Natural Alternatives to Antiperspirants

Natural Antiperspirants

If you regularly apply an antiperspirant to your underarm areas, you might wonder about the effects the product could have on your health. The active ingredient in most antiperspirants in an aluminum-based compound that works by temporarily blocking sweat ducts. Many antiperspirants also include a deodorant, which is a fragrance designed to help mask odors that occur when bacteria break down sweat on the skin.

To some people, the idea of aluminum being “absorbed” by the body is troubling. But, that’s not how antiperspirants work. Instead, when the aluminum ingredient comes into contact with the water in sweat, a chemical reaction occurs. This causes physical plugs to form, which are temporarily deposited into the sweat glands under the arms. As a result, the amount of sweat that reaches the skin’s surface is reduced.

Over the years, antiperspirants have been the subject of numerous scientific studies. To date, researchers have found no conclusive evidence that aluminum or any other ingredient poses a health risk, and many experts maintain that these products can be used with a high level of confidence in their safety. Even so, rumors persist about the role antiperspirants can play in the development of serious health conditions, including breast cancer, Alzheimer’s disease, and kidney disease. This is partly due to the fact that people often search for – and need – concrete answers when they or a family member develops one of these complex conditions. Additionally, the Internet provides a medium for misinformation to spread easily and widely.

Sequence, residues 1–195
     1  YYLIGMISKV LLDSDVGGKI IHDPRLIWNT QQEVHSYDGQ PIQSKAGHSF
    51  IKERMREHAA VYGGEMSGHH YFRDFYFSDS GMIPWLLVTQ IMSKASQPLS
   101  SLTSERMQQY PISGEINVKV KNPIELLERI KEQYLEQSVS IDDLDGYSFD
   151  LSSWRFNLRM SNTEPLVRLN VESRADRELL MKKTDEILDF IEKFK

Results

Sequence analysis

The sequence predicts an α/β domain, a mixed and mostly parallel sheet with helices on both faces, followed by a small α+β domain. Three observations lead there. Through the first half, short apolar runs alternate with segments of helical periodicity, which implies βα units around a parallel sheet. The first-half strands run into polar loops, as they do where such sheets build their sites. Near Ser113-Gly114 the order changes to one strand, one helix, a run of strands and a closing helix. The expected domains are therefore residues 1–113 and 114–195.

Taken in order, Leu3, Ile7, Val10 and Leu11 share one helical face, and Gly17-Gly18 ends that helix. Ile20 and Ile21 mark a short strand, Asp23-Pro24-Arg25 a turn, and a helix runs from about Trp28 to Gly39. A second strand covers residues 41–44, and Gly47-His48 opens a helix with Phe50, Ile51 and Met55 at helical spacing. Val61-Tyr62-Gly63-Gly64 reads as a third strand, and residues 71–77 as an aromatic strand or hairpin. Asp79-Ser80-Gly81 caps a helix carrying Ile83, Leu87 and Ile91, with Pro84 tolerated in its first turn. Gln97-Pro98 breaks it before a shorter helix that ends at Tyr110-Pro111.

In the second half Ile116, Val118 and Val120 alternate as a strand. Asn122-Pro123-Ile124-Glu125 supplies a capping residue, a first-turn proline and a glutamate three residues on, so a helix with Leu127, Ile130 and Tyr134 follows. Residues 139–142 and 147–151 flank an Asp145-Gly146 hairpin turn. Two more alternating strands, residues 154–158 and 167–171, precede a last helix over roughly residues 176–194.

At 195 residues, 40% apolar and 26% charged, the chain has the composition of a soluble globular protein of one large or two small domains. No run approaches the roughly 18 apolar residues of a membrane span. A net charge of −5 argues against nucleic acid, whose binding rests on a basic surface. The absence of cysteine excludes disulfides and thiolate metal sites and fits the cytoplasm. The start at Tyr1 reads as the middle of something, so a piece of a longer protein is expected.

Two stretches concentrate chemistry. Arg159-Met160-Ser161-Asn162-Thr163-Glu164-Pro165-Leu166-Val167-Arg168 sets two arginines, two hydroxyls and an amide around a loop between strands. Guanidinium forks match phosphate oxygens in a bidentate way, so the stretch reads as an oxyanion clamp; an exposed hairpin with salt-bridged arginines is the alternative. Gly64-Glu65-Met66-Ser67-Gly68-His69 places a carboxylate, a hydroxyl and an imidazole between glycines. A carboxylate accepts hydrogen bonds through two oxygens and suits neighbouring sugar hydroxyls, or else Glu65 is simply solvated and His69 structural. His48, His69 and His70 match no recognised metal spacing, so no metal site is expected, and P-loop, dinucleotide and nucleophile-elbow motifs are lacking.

While you needn’t be concerned if you use a typical antiperspirant product, you might still be interested in trying a natural alternative for environmental, economic, or other reasons. Maybe you’d simply like to cut down on your over-zealous cleansing routine and smell more like yourself.

There are several gentle deodorants on the market that are designed to work by neutralizing smells and destroying odor-causing bacteria, instead of blocking sweat. Here are some ingredients to look for (you can also make your own formula):

  • Tea tree oil
  • Witch hazel
  • Baking soda
  • Cornstarch
  • Sage
  • Alcohol
  • Lemon juice or lemon peel

After exploring a few of these options, you might find that you don’t even need to wear a traditional antiperspirant – at least not on a daily basis.

If you have questions about antiperspirant use or any other health-related topic, you are welcome to chat with the medical professionals at South Tampa Immediate Care – and you don’t need an appointment to do so.